Greater Baltimore Committee launches Web ads to urge computer tax repeal

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In advance of March 12 General Assembly hearings on legislation to repeal the state’s pending new 6 percent sales tax on computer services, the Greater Baltimore Committee launched a web campaign urging the tax’s repeal. A new GBC Web page anchors the GBC’s online resources supporting its initiative to repeal the tax.

The GBC, the region’s most prominent organization of business and civic leaders, purchased banner web ads on the online sites of the Baltimore Sun and the Washington Post detailing many types of jobs in Maryland that could be lost because of the tax, which will take effect on July 1 if not repealed by lawmakers. The ads were designed by GBC-member Carton-Donofrio Partners, Inc.

“Our intention is to emphasize to Marylanders and state lawmakers who read these major online news sites that significant negative impacts on Maryland’s business climate will result from arbitrarily increasing the operating costs of information services firms – a major growth industry in our state,” GBC president and CEO Donald C. Fry said in a news briefing.

“The state’s own fiscal note on the computer tax confirms that it will place Maryland at a severe competitive disadvantage, not only in the mid-Atlantic region, but in the U.S. as a whole,” Fry said.
He noted that Maryland would have the 2nd highest tax rate on information services in the country, according to data cited by the state’s Department of Legislative Services. Among Maryland’s immediate neighbors, Virginia and Pennsylvania are among 38 states that do not tax information services.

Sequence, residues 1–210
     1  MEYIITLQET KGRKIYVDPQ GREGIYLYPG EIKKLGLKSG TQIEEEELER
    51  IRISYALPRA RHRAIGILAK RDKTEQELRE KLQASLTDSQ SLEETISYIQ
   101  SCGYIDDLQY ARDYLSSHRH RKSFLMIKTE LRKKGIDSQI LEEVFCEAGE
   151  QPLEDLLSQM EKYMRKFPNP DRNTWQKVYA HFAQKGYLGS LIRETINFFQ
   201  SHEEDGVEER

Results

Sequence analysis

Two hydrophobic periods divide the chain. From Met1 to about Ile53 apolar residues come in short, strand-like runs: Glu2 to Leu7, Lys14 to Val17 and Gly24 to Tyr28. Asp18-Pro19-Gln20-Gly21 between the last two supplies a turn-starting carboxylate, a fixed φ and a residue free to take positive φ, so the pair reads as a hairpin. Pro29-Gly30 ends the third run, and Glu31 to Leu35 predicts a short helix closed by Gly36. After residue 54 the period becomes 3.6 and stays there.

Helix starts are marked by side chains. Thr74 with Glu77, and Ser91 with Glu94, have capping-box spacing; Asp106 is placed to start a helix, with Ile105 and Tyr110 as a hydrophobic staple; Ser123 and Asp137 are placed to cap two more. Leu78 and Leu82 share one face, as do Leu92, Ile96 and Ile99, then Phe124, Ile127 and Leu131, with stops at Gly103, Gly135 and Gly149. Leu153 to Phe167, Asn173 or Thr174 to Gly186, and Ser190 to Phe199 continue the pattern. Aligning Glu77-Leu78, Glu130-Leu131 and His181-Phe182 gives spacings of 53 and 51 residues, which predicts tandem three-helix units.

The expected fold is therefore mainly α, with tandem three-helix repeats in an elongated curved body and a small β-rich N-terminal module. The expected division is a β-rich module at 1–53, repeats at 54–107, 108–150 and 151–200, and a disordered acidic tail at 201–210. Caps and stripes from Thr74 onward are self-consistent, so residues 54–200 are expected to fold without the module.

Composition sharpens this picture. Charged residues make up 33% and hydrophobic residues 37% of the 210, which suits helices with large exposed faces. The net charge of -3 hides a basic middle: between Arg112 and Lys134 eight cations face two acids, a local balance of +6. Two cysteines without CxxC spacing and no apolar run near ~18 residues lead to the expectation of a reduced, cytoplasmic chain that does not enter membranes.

Larry Fiorino, president and CEO of G.1440, a Baltimore-based information technology staffing and consulting firm, said the computer services tax will have a much broader impact on businesses than Maryland lawmakers may have realized when they passed the tax during the November 2007 special session.

Information services firms have narrow profit margins. Many can, and will, leave the state. Meanwhile, customers will divert their business to firms in other states with no taxes or minimal taxes, said Fiorino.

“It’s going to cost us jobs and will hurt everyone,” he said. “This is not about yuppies and geeks. It’s about the working single mom whose job moves out of state.”

When Maryland companies who buy computer services realize that they will be paying this tax, many of them, to reduce their tax bill, will replace their Maryland vendors with cheaper providers elsewhere,” said Tom Loveland, CEO of Mind Over Machines, Inc. and founder of the Maryland Computer Services Association.

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